Construction Workers Unearth Wooly Mammoth Tusk In Downtown Seattle

By Josh Lieberman on February 12, 2014 7:11 PM EST

wooly mammoth
A wooly mammoth tusk was found by construction workers in the busy South Lake Union neighborhood of Seattle, Wash. (Photo: Mauricio Antón)

A construction crew digging in the busy South Lake Union neighborhood in Seattle, Wash., has unearthed a wooly mammoth tusk. The tusk was discovered about 40 feet below ground level, according to Jeff Estep, the president of the subcontracting company that made the find. "They hit something hard, uncovered it and saw it was long and a weird shape," said Estep. "They kept uncovering it by hand and realized it was a tusk."

Like Us on Facebook

"Burke Museum paleontologists have examined the fossil and we are confident that it represents a tusk from an ice age mammoth," said Christian Sidor, the museum's curator of vertebrate paleontology.

The mammoth tusk was found on private property, so it's up to the landowner to decide what to do with it. Paleontologists at the Burke Museum hope to receive the mammoth tusk and put it on display.

"They are very rare," said Sidor. "It will be an exciting fossil to get back to the museum." The museum is seeking approval from the landowner to excavate the site, which may yield more fossils. "When you start digging, you never know," Sidor said.

Mammoth tusks and teeth have been found in Washington before, most recently in 2010. The Washington state fossil is in fact the Columbian mammoth. (Did you know states had official fossils? Find your state's here.) 

Wooly mammoths were about the size of African elephants, with distinctive curved tusks that could reach up to 15 feet in length. Dining on grass and sedges, the creatures roamed the earth from about three million years ago until 10,000 years ago. (A small pocket of mammoths were able to hang around on Wrangel Island, in the Artctic Ocean, until about 4,000 years ago.) Scientists believe that the wooly mammoth went extinct due to climate change, hunting by humans or a combination of the two things; one controversial theory holds that a comet wiped them out. Whatever the case, wooly mammoths may make a comeback one day: in 2013, the discovery of possible liquid mammoth blood led scientists to wonder whether woolies could be cloned and brought back. What a world!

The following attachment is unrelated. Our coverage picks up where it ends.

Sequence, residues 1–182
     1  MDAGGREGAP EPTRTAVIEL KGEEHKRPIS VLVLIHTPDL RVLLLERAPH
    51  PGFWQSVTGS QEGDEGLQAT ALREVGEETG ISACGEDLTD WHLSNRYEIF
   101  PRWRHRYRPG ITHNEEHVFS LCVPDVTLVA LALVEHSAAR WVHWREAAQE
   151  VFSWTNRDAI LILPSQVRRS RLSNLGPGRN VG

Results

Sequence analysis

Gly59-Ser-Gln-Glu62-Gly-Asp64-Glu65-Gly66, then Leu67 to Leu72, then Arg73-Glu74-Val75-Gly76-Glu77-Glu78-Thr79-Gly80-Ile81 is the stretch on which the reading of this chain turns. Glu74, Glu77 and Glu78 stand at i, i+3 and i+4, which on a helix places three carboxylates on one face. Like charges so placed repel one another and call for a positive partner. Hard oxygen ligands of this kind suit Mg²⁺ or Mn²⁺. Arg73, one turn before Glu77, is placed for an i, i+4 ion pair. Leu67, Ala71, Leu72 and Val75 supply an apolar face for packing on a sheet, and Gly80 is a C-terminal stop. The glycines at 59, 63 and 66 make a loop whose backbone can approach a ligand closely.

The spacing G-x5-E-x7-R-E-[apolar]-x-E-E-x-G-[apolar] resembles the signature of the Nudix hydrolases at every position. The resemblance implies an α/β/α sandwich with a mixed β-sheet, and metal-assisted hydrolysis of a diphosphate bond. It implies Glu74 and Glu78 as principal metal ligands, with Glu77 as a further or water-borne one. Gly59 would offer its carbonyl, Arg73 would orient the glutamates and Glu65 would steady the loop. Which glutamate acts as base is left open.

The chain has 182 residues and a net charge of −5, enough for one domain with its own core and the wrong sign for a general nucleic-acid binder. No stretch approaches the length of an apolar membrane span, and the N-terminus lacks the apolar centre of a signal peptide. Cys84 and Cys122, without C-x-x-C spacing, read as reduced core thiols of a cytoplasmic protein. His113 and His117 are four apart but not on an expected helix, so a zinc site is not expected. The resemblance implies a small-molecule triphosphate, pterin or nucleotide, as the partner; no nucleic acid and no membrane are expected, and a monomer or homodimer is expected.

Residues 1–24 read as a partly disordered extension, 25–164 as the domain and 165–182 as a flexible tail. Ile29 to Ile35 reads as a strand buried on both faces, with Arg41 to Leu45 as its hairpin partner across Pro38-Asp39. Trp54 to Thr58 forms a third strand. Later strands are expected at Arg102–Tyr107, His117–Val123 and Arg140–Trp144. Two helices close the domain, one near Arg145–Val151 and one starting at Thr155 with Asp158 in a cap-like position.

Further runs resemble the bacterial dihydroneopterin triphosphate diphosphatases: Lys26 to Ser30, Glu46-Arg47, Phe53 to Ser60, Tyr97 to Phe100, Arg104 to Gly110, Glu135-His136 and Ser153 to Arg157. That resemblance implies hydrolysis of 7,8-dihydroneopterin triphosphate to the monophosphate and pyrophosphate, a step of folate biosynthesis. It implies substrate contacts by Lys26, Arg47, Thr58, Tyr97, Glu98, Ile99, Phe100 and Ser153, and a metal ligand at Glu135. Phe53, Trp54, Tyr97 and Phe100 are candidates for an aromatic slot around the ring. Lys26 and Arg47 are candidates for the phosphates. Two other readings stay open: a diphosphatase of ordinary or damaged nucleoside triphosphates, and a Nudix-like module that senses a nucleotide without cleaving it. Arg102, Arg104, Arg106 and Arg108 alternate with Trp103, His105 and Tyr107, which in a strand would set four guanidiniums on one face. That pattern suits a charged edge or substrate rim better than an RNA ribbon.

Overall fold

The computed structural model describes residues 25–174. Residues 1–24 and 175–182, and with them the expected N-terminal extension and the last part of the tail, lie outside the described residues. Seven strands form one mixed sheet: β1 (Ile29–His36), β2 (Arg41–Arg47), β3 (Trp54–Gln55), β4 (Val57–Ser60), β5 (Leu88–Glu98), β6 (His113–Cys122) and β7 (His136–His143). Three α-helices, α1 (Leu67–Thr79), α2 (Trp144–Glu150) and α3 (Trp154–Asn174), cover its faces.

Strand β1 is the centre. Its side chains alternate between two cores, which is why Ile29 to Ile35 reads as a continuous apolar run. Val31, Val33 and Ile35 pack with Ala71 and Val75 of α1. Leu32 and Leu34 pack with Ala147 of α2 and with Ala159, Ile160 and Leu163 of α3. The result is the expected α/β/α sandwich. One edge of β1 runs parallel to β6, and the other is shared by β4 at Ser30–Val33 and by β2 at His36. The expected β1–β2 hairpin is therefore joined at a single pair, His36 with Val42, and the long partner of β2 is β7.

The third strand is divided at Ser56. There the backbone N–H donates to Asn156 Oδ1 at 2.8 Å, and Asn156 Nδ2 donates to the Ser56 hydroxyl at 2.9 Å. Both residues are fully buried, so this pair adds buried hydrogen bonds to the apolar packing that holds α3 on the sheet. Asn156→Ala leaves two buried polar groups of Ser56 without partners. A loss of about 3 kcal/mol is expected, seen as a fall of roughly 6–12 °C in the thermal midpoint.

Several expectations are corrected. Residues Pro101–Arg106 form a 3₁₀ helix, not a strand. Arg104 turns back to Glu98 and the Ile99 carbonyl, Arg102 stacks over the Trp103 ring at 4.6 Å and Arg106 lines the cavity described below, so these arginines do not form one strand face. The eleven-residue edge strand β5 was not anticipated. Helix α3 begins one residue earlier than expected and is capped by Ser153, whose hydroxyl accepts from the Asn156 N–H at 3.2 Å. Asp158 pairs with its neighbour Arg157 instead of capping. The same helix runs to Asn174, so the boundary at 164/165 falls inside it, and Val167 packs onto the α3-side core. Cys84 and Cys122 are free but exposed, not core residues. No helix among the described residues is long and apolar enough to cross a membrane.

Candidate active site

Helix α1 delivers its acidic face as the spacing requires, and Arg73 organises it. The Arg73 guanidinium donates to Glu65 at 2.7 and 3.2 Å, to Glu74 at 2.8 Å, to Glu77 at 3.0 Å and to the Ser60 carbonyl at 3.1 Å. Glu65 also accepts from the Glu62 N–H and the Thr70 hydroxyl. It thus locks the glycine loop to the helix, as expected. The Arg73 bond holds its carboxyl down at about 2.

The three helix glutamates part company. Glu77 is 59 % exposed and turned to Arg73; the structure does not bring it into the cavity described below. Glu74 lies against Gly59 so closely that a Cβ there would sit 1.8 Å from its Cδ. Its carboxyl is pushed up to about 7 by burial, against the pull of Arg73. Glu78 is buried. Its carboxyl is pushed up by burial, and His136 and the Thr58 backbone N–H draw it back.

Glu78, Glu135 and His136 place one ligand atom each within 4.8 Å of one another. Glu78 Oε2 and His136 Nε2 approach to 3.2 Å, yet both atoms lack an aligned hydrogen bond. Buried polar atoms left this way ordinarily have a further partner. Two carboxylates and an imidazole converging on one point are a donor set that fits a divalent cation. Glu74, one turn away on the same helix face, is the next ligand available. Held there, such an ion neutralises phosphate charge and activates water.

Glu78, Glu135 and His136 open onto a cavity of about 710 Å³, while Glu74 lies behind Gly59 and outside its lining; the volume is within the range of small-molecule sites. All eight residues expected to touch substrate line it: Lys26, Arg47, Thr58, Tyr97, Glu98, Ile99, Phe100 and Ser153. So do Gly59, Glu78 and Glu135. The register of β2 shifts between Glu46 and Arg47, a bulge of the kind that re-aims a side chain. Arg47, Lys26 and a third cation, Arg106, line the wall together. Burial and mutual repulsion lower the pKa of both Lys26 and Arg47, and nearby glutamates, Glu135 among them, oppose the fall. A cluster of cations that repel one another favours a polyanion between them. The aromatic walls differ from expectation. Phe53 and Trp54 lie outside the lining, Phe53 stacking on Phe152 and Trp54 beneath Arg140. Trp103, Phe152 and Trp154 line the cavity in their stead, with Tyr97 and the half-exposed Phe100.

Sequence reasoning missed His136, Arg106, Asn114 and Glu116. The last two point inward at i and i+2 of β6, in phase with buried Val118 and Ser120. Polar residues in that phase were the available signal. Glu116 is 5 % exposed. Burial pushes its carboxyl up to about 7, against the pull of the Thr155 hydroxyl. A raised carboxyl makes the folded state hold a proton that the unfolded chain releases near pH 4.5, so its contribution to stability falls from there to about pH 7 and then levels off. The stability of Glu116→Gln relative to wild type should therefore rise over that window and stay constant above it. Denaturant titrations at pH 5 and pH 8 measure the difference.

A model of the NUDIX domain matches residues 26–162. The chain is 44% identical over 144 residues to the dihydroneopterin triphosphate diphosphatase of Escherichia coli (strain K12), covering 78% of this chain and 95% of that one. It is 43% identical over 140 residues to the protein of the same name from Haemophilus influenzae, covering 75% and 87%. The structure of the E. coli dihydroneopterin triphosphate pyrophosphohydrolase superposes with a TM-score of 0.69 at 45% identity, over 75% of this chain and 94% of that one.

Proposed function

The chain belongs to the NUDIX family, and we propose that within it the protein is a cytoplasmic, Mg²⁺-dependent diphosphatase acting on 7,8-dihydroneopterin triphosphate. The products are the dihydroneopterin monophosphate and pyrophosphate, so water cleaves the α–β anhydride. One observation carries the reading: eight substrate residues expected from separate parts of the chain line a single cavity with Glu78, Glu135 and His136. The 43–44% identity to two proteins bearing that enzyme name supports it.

READ MORE:

Woolly Mammoth: Watch 'Yuka' Get Displayed In Japan After 39,000 Years Trapped In Ice [VIDEO]

Urban Bees Repurpose Plastic Bags And Sealants To Build Their Hives

Crocodiles Climb Trees To Bask In The Sun, Keep An Eye On Prey And Predators

© 2012 iScience Times All rights reserved. Do not reproduce without permission.

Join the Conversation

Sponsored From Around the Web

    ZergNet
Follow iScience Times
us on facebook RSS
 
us on google
 
Most Popular
INSIDE iScience Times
Do Dolphins Get High? BBC Cameras Catch Dolphins Chewing On Pufferfish Toxins
Do Dolphins Get High? BBC Cameras Catch Dolphins Chewing On Pufferfish Toxins
How Many Ways Can You Tie A Tie?
How Many Ways Can You Tie A Tie?
Ribbon Of Charged Particles At Solar System's Edge Acts Like A Wind Sock For Interstellar Magnetism
Ribbon Of Charged Particles At Solar System's Edge Acts Like A Wind Sock For Interstellar Magnetism
How to Turn Your Tap Water Faucet  Into a Coffee Spout [VIDEO]
How to Turn Your Tap Water Faucet Into a Coffee Spout [VIDEO]
Coolest Science Photos Of 2013: From Blobfish To Two-Headed Shark, Comet ISON To Mars Selfie
Coolest Science Photos Of 2013: From Blobfish To Two-Headed Shark, Comet ISON To Mars Selfie
This Is A Scientifically-Proven Rock-Paper-Scissors Winning Strategy (But If Your Opponent Uses It Too, It's A Draw)
This Is A Scientifically-Proven Rock-Paper-Scissors Winning Strategy (But If Your Opponent Uses It Too, It's A Draw)